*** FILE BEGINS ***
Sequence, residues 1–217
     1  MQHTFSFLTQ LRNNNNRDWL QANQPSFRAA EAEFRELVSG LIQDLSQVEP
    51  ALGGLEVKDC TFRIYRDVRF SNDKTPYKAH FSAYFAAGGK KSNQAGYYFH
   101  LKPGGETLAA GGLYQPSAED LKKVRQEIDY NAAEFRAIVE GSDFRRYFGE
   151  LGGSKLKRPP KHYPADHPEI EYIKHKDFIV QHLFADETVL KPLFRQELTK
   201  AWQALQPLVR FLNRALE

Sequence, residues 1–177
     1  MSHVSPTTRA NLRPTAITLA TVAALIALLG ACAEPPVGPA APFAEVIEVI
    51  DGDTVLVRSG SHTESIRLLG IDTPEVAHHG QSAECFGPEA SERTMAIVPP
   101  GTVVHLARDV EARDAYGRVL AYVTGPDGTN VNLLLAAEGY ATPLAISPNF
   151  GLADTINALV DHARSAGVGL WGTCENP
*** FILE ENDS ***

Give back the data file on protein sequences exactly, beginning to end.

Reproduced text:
Sequence, residues 1–217
     1  MQHTFSFLTQ LRNNNNRDWL QANQPSFRAA EAEFRELVSG LIQDLSQVEP
    51  ALGGLEVKDC TFRIYRDVRF SNDKTPYKAH FSAYFAAGGK KSNQAGYYFH
   101  LKPGGETLAA GGLYQPSAED LKKVRQEIDY NAAEFRAIVE GSDFRRYFGE
   151  LGGSKLKRPP KHYPADHPEI EYIKHKDFIV QHLFADETVL KPLFRQELTK
   201  AWQALQPLVR FLNRALE

Sequence, residues 1–177
     1  MSHVSPTTRA NLRPTAITLA TVAALIALLG ACAEPPVGPA APFAEVIEVI
    51  DGDTVLVRSG SHTESIRLLG IDTPEVAHHG QSAECFGPEA SERTMAIVPP
   101  GTVVHLARDV EARDAYGRVL AYVTGPDGTN VNLLLAAEGY ATPLAISPNF
   151  GLADTINALV DHARSAGVGL WGTCENP